04/19/2013 03:25 pm ET | Updated Jun 19, 2013

The Facts About Fiction, the Fiction About Facts

Last week I was reading a very good interview with one of my favorite novelists, David Brin, in the Santa Barbara Independent and was struck by the journalist Tam Hunt confessing that, "...I read mostly non-fiction and I find that most fiction doesn't have the "meat" that I'm looking for in non-fiction. That is, much of what comprises fiction is stuff I tend to skip over because I'm generally reading for what I consider to be the most important points!"

(An important point might be the point that he never should have used that exclamation point.)

Mr. Hunt goes on to say, "However, I think that for a lot of us who fall into this same category, the science fiction genre still holds some hope of keeping our attention."

Well! As much as I like to read of support for the literature of science fiction, I found his blanket damnation of the rest of fiction disconcerting at best and frackin' frightening at worse. What the bloody blue blazes does he mean that fiction has no "meat?" Given the tone of what he is saying, and the fact that he studied both law and biology -- and philosophy (talk about fiction) -- and works as a lawyer, as a renewable energy consultant, and teaches at UCSB in the School of Environmental Science and Management, I think Mr. Hunt is making the fundamental mistake of thinking that non-fiction is fact and that fiction is non-fact. But of course all non-fiction is facts only as presumed, presented, declared, and interpreted by the author (unless it's a math book, of course) and may or may not be accurate. And although fiction may not present stories of fact (although at times it can) if it is a good work of fiction it will present at least one good truth about the human condition.

I certainly hope Mr. Hunt did not make such a declaration to prove what a "serious" guy he is, demanding his books to be heavy with facts (or meat) and not light with fiction (or what? Salad?). Such a pretence of depth would, of course, be quite shallow indeed.

But let us question Mr. Hunt on his declared aversion to fiction. To do that we must leave literature for the moment and ask Mr. Hunt if he ever watches television and goes to the movies. Assuming he would answer, "yes," then the next question to put to him is, "Do you only watch documentaries?" I'm going to guess that the answer may well be, "no." In which case he does not have an aversion to fiction, only to fiction in literary form.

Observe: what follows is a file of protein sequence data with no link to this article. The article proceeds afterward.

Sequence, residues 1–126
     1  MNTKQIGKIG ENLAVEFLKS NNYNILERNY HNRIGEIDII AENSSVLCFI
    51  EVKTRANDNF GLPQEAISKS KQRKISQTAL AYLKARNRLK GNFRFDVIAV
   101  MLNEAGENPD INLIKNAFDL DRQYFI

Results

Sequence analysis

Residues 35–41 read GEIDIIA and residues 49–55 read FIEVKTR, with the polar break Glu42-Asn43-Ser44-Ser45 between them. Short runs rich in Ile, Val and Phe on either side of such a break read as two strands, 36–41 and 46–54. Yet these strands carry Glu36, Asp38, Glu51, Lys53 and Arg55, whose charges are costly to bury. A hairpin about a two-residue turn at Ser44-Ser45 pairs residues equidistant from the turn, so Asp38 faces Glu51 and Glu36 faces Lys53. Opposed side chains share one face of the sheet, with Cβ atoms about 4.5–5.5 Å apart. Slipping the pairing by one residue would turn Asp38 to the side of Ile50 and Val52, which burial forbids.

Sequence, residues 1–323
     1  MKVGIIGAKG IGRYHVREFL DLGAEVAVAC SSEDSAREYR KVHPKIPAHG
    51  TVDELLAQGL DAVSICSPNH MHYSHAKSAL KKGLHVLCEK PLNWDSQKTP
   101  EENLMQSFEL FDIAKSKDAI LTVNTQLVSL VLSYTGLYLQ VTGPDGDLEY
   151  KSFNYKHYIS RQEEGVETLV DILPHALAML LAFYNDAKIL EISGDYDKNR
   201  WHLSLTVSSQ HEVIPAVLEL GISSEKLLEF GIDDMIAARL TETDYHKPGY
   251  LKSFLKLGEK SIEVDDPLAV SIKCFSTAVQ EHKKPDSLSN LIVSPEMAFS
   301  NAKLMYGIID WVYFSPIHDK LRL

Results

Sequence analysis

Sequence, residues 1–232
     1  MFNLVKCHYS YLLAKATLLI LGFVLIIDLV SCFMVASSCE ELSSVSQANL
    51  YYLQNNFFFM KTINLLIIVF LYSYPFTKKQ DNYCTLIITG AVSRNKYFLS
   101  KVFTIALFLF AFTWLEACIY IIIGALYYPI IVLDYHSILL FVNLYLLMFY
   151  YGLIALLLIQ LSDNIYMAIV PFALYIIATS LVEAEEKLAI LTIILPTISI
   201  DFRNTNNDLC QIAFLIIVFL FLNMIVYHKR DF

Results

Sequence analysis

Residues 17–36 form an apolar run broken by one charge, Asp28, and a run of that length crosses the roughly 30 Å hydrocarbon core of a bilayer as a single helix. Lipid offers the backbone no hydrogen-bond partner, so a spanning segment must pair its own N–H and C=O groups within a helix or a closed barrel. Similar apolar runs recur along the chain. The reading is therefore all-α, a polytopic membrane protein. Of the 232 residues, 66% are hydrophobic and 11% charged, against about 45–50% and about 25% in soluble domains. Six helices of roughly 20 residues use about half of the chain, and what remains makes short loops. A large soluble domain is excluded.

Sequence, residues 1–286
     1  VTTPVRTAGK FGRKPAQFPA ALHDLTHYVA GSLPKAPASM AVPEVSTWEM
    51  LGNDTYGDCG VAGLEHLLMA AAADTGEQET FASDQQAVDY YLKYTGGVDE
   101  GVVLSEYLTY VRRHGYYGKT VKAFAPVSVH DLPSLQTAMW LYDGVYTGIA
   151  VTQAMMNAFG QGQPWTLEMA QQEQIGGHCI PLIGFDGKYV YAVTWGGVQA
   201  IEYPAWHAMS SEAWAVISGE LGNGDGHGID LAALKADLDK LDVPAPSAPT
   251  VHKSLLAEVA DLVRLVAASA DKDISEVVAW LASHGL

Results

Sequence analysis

This may be understandable. The commitments of time and concentration to literature, whether of non-fiction or fiction, are both of different kinds and qualities from the time and concentration one gives to the moving image. Some might call it deeper, more concentrated, more precious. If that is the case then Mr. Hunt may be jealous of the time and concentration he gives over to literature and thus wants to make sure that his payback will be, as he puts it, in the form of meat (No damn rabbit food of the mind for me!). If this is the case, then I believe that Mr. Hunt has gone somewhat awry.

I don't know what fiction Mr. Hunt has read in the past, but good fiction, of any genre, does indeed include meat. And if it is very good fiction, it probably provides the reader a completely balanced meal. But the meat of fiction, unlike the meat of non-fiction, is not the meat of, say, a lecture, but the meat of an experience. It does not appeal to the calculating aspect of our minds looking for a laundry-list of facts (and there's nothing wrong with this), but to the empathetic aspect of our minds looking for experiences, feelings (joyful and sad; triumphal and tragic; dramatic and comic), and truths -- always with a lowercase "t" and often small and delicate ones -- about the human condition.

Good non-fiction can be an exciting and edifying trip to the lecture hall, the classroom, along the galleries of a fine museum. Whereas good fiction can be a trip to just about anywhere. Trips to mundane or thrilling or exotic locations here on Earth, or to imagined realms in outer space or alternate universes. Good fictions can be trips into the skins and minds of other people, foreign and domestic, kind and cruel, male and female, real and imagined, and even, on occasion, not human. Non-fiction and fiction are two separate entities, although often with similarities, and neither stands taller than the other. To have a balance life as a reader, the demand is that you crack the spines of both.

But maybe I am biased. As a reader I am always reading one non-fiction and one fiction book at the same time. (Currently the non-fiction book is Connectome: How the Brain's Wiring Makes Us Who We Are by Sebastian Seung, with The Great Convergence: Asia, The West, And the Logic of One World by Kishore Mahbubani waiting in the wings. And the fiction is Don Quijote by Cervantes with Sabbath's Theater by Philip Roth waiting in the wings). But I am also a writer whose main work is fiction, so you would think I might lean strictly in that direction. But every work of fiction I have written -- every one -- has been informed by the non-fiction I have read. History and biographies are favorites of mine, but in the last 40 years it has been the high quality of popular science writing that has truly drawn my time and concentration.

I believe Mr. Hunt would agree with me about the "meat" of contemporary science writing. On that, I believe, we are on the same page. But I challenge Mr. Hunt to get on that other page with me. There is meat in fiction, Mr. Hunt, there truly is. So grab your knife and fork, and, please, have a seat at the table.
Steven Paul Leiva has just published his first non-fiction book, Searching for Ray Bradbury, a fact of which his publisher is inordinately proud. Mr. Leiva intends to have a conversation with his publisher about this soon.